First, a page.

Wednesday, April 17, 2013

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Booze Collecting: Scope Out Mom & Pop Liquor Stores

When shopping for liquor, mom & pop bottle shops are some of my favorite places to score regional specialties and discontinued bottlings. Unlike larger, corporate stores, small owner-operated outfits may hang onto dead stock for years just because they don’t know what to do with it. Shoved aside and forgotten, it can sometimes be had for pennies on the dollar. If you know what you like — or are willing to experiment — and know the going rate for spirits, the bargains are unbeatable.

A sale shelf or “bargain bin” of discontinued items is a good place to start, but don’t be afraid to snoop around in less obvious places. Look on the bottom shelves. Don't just glance at what you can see from where you're standing — orphaned and discontinued bottles collect dust here; shift things around, move the front bottles aside to see what's really there. Also investigate overstock areas; owners often put rare, expensive, or odd bottles on shelves above and behind the cash registers. Out of sight, out of mind. Find out what's up there. If you’re not shy, ask what dead stock they’ve got the basement or in backstock.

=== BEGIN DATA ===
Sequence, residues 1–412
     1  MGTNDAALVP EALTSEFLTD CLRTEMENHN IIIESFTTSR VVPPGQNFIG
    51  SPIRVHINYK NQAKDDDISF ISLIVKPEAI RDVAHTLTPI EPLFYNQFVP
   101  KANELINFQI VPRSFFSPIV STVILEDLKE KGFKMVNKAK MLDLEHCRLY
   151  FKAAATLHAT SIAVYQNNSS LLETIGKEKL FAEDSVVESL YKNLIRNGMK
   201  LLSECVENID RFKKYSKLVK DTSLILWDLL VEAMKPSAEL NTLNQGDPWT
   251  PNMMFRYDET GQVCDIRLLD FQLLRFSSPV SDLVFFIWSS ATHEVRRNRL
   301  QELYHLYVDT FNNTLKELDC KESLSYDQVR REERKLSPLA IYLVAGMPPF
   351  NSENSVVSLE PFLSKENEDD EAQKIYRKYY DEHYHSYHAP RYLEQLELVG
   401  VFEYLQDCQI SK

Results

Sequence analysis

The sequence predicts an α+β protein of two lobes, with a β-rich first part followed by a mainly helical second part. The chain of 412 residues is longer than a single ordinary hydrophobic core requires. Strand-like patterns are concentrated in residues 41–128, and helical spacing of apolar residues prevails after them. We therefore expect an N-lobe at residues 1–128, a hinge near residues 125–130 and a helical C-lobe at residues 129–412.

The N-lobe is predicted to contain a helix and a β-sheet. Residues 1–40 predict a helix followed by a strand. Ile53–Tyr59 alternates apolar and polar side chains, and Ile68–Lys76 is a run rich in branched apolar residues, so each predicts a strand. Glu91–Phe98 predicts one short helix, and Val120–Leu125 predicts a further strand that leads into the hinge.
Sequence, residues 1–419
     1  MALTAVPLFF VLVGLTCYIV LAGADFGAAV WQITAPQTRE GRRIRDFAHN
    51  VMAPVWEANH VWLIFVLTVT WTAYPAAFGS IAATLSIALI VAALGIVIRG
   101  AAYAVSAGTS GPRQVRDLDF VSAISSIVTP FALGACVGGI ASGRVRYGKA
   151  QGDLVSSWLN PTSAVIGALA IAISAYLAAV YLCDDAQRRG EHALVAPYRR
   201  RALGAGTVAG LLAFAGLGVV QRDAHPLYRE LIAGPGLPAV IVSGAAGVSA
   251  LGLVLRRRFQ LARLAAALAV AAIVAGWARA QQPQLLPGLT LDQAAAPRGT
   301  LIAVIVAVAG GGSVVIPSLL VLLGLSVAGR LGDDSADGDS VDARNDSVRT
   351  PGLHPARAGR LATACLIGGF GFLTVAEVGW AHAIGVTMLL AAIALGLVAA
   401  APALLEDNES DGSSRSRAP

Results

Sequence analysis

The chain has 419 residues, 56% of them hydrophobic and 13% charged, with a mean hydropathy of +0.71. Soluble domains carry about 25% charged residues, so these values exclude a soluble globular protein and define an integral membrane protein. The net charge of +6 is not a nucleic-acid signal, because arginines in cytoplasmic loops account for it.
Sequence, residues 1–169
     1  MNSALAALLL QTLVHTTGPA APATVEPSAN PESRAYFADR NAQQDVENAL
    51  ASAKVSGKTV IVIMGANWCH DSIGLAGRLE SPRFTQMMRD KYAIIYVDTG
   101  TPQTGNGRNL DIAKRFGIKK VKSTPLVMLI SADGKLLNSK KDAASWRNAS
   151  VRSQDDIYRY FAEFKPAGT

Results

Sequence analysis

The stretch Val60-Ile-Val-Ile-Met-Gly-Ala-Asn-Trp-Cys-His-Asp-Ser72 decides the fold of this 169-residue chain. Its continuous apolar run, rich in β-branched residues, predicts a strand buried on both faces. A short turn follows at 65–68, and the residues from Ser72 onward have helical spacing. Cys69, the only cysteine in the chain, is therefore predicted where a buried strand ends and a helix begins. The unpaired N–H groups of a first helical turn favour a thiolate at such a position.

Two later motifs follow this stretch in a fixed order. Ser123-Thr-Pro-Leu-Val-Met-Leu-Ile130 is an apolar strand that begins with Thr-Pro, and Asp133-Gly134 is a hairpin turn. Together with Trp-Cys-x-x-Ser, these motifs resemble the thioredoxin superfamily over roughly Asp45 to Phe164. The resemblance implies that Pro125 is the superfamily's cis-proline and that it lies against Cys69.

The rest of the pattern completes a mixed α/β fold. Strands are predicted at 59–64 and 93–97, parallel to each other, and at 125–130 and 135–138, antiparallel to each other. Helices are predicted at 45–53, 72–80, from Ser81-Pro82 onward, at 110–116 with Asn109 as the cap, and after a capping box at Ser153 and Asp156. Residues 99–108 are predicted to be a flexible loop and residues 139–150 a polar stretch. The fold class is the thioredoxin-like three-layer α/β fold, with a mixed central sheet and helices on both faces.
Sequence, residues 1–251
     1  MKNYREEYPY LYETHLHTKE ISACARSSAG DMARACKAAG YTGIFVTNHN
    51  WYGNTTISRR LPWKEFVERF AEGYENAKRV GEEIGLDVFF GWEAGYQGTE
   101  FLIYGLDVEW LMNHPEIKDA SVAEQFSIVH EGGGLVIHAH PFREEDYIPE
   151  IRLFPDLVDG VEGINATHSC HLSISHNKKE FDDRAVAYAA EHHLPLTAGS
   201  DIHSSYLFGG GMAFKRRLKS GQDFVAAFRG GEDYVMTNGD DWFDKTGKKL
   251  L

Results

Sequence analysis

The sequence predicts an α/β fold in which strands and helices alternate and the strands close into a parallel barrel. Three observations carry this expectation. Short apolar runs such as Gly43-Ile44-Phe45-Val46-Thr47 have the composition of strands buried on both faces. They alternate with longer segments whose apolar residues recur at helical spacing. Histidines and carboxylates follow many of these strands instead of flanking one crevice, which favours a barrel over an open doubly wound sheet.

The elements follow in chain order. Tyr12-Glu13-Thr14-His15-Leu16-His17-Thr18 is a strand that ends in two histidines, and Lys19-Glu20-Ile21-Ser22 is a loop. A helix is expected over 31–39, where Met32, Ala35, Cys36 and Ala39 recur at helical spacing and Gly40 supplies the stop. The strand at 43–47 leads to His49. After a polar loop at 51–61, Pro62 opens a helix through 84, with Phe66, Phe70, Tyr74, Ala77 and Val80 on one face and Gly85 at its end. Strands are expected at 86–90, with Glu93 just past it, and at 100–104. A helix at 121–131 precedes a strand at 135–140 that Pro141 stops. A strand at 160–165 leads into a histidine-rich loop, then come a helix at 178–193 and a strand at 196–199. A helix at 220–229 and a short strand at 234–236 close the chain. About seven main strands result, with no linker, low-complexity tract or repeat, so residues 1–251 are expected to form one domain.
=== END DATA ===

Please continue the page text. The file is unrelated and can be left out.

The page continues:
I’ve found Herbsaint, Chartreuse, maraschino liqueur, genever, cacha├ža, and various whiskeys, brandies, and bitters at steeply discounted prices in these little stores. Recent finds include several bottles of old-formula Campari made before the shift to artificial dyes, an older bottling of Bols genever (at $17/liter versus about $30 in larger stores), and a few bottles of La Grande Passion, a discontinued cognac/passionfruit blend from the Grand Marnier folks. A case of the stuff had languished, forgotten, in the basement of a little Wisconsin store that's been around for decades. At $9.99 a bottle, it was priced to move. Good stuff, too. Pity it never found its market here.

Don't be shy about venturing into neighborhoods with stores run by families whose first language is not English. Here you may find obscure Eastern European brandies, one-time imports of tequila or mezcal, and other treats that owners consider part of their cultural patrimony, but might be perplexed that outsiders would even know about, much less want to buy. You won't necessarily score great bargains with this method, but you may well end up with bottles none of your friends have ever seen and spirits they've never tasted.

Dusty bottles are ok, but steer clear of leaking bottles, those with obvious evaporation, those with dried or cracked corks, and bottles with sun-faded labels — if the label’s degraded by light, the liquor likely is, too.

Happy hunting.

Note: a version of this originally appeared in The Zenchilada's newsletter.

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